Generally, interview forms the last stage of admission in top B-schools. The purpose of the interview is to assess the personality traits of the candidates. Given below is the list of important things to consider while appearing for an MBA interview:
- Knowing yourself is the starting point: You need to understand that the personal interview is all about you; and no one knows you better than you yourself. This warrants for understanding your strengths and weaknesses. Strengths need to be substantiated with circumstantial evidence and examples, while weaknesses need a remedial action plan.
- Have clarity on basic personality areas : You need to have an understanding of your personality traits and the way these are mapped with those of professional managers. For example, successful managers are high on initiative and are powered by positive attitude. Look for these traits in your personality and support them with illustrations and examples.
- Be sure about reasons for joining the program :Your success in the interview is largely dependent on your goal clarity and the way you communicate this to the panel. A high co-relation between your goals and the way the management school serves as a platform for you to achieve them, works in favour of your candidature.
Know the Panel
- Research the panel w.r.t possible expectations: It is imperative for you to understand the ‘needs’ of the panel –the expectations they have of you in terms of program suitability. Once you understand these needs, it becomes easier for you to connect with the panel. These needs would be stated in the institute brochure/website, and would be both generic and specific. At a generic level, these include interpersonal skills, team dynamics/collaboration, leadership, initiative, time management, adherence to professional ethics etc. The institute specific needs would depend on the school you are applying to.
- Know about their vision/mission : Knowing the vision/mission of the institute enables you to establish a stronger link with the program and the panel. This also enhances your ability to synchronize your vision/mission with that of the institute, which is a highly desirable situation.
- Try finding out ways in which they are unique : Understanding the unique value proposition of the institute enables you to market yourself more effectively. For example, certain schools lay a lot of emphasis on corporate social responsibility, thus creating an opportunity for you to project your sense of social cause through participation in activities with a strong social fabric.
Lead the Panel
- Try getting them on to your areas of strengths : The pattern of questions in the interview is generally driven by an action reaction mechanism. Your inputs serve as substantial anchors for the panel to engage with you; hence the need for dropping innocuous teasers!
- Elaborate points which you are sure of : Don’t introduce a weak link or a thread which you are not capable of holding onto. The interview is largely an opportunity for you to validate the claims made either previously (in the application form/resume) or during interaction with the panel.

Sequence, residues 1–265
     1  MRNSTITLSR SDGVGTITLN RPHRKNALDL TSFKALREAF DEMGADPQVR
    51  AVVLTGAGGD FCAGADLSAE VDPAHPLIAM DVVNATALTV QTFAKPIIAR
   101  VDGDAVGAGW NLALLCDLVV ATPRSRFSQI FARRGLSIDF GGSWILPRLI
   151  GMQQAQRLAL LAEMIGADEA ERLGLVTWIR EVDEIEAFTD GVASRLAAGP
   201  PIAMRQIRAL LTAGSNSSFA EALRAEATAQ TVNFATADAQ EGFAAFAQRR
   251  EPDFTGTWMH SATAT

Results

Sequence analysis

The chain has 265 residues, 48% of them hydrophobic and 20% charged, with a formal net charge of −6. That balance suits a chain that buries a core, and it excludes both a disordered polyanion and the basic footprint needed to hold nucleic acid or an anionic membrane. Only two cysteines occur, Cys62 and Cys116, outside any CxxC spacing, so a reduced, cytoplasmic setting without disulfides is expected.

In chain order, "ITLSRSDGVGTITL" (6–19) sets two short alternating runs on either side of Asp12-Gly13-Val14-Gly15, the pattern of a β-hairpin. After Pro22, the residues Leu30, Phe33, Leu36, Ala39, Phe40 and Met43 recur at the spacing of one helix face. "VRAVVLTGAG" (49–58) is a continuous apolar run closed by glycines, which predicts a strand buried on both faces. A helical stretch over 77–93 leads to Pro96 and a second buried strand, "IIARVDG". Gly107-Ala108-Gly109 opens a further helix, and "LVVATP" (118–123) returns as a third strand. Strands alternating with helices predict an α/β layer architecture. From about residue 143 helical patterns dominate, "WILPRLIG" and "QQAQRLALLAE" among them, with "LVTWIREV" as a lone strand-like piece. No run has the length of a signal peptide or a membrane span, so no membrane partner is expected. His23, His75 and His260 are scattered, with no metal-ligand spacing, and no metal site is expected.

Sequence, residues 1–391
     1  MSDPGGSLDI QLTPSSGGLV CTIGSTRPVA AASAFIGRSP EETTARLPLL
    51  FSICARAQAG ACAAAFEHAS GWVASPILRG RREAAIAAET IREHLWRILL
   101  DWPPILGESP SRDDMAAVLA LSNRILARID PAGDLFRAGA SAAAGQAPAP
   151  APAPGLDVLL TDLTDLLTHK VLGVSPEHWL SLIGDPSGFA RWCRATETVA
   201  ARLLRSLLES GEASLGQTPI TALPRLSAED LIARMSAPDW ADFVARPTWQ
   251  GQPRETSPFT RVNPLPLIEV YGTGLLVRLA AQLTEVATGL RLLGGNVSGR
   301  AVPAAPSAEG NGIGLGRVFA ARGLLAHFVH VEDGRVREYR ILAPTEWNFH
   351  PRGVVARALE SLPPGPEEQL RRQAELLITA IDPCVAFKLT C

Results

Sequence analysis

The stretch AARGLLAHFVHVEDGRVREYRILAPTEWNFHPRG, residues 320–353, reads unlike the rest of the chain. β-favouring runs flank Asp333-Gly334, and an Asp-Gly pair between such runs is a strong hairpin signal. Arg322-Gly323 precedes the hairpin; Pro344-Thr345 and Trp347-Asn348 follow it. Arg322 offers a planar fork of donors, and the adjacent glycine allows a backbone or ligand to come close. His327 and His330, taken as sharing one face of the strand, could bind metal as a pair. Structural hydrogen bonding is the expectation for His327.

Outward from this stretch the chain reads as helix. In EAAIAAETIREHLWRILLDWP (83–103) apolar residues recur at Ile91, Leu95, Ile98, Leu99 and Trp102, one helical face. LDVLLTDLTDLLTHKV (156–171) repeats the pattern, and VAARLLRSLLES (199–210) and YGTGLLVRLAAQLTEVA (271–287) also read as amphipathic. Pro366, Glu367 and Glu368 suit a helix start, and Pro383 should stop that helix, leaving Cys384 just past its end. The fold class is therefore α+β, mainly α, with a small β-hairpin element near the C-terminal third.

- Synchronize verbal and non-verbal communication : Make sure that your communication is effective and there is resonating harmony between your speech and body language. Any discrepancy between the two will be indicative of low confidence or self-doubt, leading to an adverse situation.
Minimize Opportunity Cost
- Leverage time to your advantage : You have limited time to create likability for yourself. Don’t waste this time in mentioning something which you are not sure of.
- Avoid getting into discussions when not confident : Getting into an argument which goes awry and tangentially off the handle, will only add to the opportunity cost. You are advised not to get emotionally attached to your view points.
- Need to sense the exit point for a particular discussion thread : Time is a resource; so leverage it in your favour. Exiting a discussion at the appropriate time is a step in this direction.
- Play on strengths : Put forth only those aspects of your profile which you are confident about. The interview will pose multiple opportunities for you to introduce your strengths and areas of comfort. Seize these opportunities and build your connect with the panel around these points.
- Create trust and credibility : Trust is a function of your past prowess in delivering value. Project your achievements in a way which convinces the panel of your credibility. This may be done through a reference to academic brilliance or accomplishments in terms of extra- curricular activities.
- Manage emotions : This works in a dual manner- managing your emotions and those of the panellists. Managing your emotions will enable you to come across as a more balanced and poised person; while managing the emotions of the panellists will help you understand the right entry and exit points.
- Give logical propositions : Nothing beats logic! Your ability to persuade the panel will be stronger if your proposition is backed by logic and reason.